I cannot help repeating what I have said before. Mr. Butler became Home Secretary early in 1957. Shortly afterwards he told us that he accepted the number who were sleeping three in a cell as a good index of overcrowding—and at that time he said there were a little more than 2,000 sleeping three in a cell. When we last discussed these matters at any length in October, 1961, the number sleeping three in a cell was 7,600. According to the last figure the noble Earl gave me the other day, the figure is now 8,500, more than four times the number Mr. Butler accepted as an index of overcrowding. There is undoubtedly very severe overcrowding. If one discusses the matter realistically, that must be accepted. It is not merely an excuse for the Government, but it makes the provision of work very much harder.

In our last debate on this subject, I concentrated mainly on the shortage of staff. Here let me congratulate the Government. I have blamed them for the failure to produce the buildings, so it is right that I should congratulate them when the staff come forward in better numbers. I find myself in a similar position to the noble Earl, Lord Russell, who sent telegrams during the Cuba crisis to the great ones of the earth, Mr. Khrushchev and Mr. Kennedy, and at the end seemed well-satisfied that his telegrams had done the trick. So I feel that my speech and the speeches of others here have helped very much in this improvement.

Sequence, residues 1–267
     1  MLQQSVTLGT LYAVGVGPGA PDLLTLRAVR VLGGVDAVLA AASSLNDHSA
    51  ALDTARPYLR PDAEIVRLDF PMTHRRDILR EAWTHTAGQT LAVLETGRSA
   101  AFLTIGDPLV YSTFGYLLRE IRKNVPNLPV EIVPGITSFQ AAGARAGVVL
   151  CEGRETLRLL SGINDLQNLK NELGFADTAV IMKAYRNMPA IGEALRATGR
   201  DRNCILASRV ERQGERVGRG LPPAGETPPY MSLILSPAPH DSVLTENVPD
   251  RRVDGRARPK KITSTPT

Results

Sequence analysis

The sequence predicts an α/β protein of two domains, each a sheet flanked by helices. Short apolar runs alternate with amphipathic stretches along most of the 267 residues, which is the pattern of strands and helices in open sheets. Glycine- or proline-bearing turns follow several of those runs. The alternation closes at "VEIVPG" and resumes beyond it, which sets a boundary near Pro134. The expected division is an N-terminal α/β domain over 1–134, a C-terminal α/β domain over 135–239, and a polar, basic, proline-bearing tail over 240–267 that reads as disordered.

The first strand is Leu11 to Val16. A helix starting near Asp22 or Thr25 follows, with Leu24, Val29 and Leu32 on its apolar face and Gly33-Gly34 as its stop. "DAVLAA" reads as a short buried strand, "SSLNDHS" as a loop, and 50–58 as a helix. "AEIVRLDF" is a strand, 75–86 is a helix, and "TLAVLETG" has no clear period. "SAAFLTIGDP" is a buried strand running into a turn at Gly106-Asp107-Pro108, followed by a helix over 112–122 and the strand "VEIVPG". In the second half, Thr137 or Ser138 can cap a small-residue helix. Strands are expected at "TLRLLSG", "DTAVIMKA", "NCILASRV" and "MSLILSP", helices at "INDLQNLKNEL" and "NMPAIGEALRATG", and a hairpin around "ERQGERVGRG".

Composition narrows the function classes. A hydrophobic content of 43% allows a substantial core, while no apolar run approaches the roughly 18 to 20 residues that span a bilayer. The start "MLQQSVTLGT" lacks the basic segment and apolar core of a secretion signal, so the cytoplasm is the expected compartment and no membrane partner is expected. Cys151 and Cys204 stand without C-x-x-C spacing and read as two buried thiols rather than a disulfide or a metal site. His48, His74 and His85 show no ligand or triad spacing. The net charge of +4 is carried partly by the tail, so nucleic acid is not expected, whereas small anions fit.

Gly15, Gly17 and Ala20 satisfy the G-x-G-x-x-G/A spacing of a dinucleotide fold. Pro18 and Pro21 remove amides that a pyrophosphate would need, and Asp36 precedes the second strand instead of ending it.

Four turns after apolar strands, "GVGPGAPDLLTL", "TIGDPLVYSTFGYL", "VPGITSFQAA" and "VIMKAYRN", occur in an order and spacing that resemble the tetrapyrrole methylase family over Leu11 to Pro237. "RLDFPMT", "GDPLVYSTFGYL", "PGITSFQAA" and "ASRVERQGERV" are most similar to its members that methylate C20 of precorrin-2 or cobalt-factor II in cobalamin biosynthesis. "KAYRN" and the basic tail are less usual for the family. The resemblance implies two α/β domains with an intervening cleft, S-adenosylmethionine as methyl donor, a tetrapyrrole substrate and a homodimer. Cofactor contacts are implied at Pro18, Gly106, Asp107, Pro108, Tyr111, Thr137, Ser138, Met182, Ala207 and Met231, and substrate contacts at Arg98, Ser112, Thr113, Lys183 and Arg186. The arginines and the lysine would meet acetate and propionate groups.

There has been a big improvement—well, a big increase—in the staff since the last debate. There has been a recruitment, I think the noble Earl will tell us, of over 500 officers, and 1962 seems to be not only the best year in total recruitment of officers since the war, but also maybe the year in which more officers were recruited than at any other recorded time. We must take note of that. However, at the same time we must bear in mind that we have "recruited" about 1,500 prisoners, so that while the ratio has been slightly improved during 1962 it has not been very much improved. I am afraid this is all the more true when one bears in mind that we are rightly setting up a lot of new institutions, which, of course, mean more work for the same number of officers.

The Government tell us that it would not make much difference if we could get more orders at the present time. I cannot accept that; but that is what we have been told, and we shall be told it again. It certainly is not the view in Wandsworth. They are quite sure they could do much more work there if a few more orders were available. Therefore I do not find it easy to accept the Government's view that even if we get more work there is such a great shortage of space. Even on the assumption that we do not need any more work now—it is not an assumption I make—the noble Earl will agree that we shall need much more work in prisons as the hours increase, with more workshop space and more staff, and as the work becomes more efficient. If we look a little way ahead there is need for more work. The prisons in future must be allowed to compete much more freely with other industries than in the past.